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Unusual Brake Failure!


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Several weeks ago I experienced a very unusual brake failure - luckily, without any damages. I have a 99 Carrera 4 which was driven as a daily driver for 5 years in New York state. In 2005 I purchased the car and moved it to Florida. The car has 60K miles on it. There is some rust on the exhaust, but due to the fact that the car was driven during the winter in NY, I consider this to be normal. Light rust can also be spotted on some bolts on the undercarriage - also perfectly normal. However, what was not normal was that my brake failure was caused by rust, yes.... rust. I had a brake line which rusted through.

Each of the four brake calipers on the car has a small line that connects the inner to the outer side of the caliper. This line is located at the very bottom of the calipers. The mid section of this line has a protective rubber hose fitted on top of it (the rubber is painted with the color of the caliper), and fits tightly in a groove at the bottom of the caliper. One of those lines (my rear right caliper) failed. Brake fluid started to leak out from between the line and the protective rubber. I removed the line, peeled back the rubber, and was surprised to discover the the line was completely rusted through. It seamed that water got in between the metal line and rubber protector, and corroded the line. This line is painted along with the caliper, and there is no rust protection (paint) on the section covered by the rubber. Also, the rubber hose is just fitted on without any adhesive to prevent water from entering between the two. I noticed that three of the four lines had developed small bulges/swells in the rubber. There is no doubt in my mind that dose swells indicate rust activity underneath. I replaced all four lines, bled my brakes, and I am back in the race:)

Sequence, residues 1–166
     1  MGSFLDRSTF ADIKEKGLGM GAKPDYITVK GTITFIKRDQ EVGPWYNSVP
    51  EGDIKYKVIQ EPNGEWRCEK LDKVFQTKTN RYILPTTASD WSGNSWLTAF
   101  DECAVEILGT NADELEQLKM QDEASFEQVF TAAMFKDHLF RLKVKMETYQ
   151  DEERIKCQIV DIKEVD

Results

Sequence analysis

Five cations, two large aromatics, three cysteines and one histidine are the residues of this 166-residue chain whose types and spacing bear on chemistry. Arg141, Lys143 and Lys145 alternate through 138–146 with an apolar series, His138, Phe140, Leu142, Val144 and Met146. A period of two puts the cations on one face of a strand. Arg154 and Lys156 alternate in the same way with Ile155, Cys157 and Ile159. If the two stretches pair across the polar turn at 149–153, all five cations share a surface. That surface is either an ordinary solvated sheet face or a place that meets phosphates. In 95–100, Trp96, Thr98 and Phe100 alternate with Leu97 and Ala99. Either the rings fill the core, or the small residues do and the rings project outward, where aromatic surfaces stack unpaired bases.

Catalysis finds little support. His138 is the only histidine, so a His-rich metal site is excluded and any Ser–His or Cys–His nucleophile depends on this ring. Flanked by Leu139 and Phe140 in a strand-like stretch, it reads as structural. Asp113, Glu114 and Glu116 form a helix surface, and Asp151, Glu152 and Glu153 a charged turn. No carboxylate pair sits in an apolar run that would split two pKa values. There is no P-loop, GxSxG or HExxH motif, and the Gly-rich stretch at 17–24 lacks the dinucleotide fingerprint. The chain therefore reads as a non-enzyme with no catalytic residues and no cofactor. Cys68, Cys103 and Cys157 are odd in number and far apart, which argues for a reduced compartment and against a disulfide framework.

If you drive your car in the snow, and your car is older than 5 years, it might not be a bad idea to run your finger on the bottom side of your calipers and look for small swells on the protective rubber of those lines. Obviously this is not a common defect, but it happens... Those lines are not very expensive, buy none of the US dealers have them in stock. I had to wait to have them shipped from Europe. Take a look at the pics, and if you have any questions or comments let me know.

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Just for kicks you should try to get it covered under the 10 year rust warrenty!

Then when they say no, threaten with a lawsuit.

Looks like a factory design failure to me. Glad you didn't get hurt!

I thought about it, but I figured it was easier to replace the lines myself than argue with the dealer. Parts were $100 shipped, so no big deal... Besides, I don't think that my local Florida dealer even knows what rust is...

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Interesting. That is a new one for me.

I would ask the mechanics I know but I think the last time it snowed in San Jose was during the ice age.

Now watch Porsche do the right thing and issue a voluntary recall for all cars driven in the snow so the crossover tubes can be inspected for corrosion....

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Interesting. That is a new one for me.

I would ask the mechanics I know but I think the last time it snowed in San Jose was during the ice age.

Now watch Porsche do the right thing and issue a voluntary recall for all cars driven in the snow so the crossover tubes can be inspected for corrosion....

Excellent "Tongue in Cheek" I'll wait patiently for the "Voluntary Recall". A great post however, giving everyone a head's up to a problem that could be extremely dangerous. I had a similar problem with my '61 356 in '74.

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I have had fuel lines and suspension springs fail in exactly this manner on at least five different vehicles (Fords, Audis, VWs) over the years and am not surprised to see this failure on the brake line. Every time I see rubber-wrapped steel I cringe. Take a look at the fuel lines where the rubber isolators hold them to the chassis, you might see some more rust and incipient failure.

Eric

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I sent the pics to the general e-mail on porsche.com. They asked me for the VIN of my car, and I gave it to them, but I think they might want to get my old lines and analyze them. If anyone knows what the proper way would be to send them to Porsche, please let me know.

Edited by ivass
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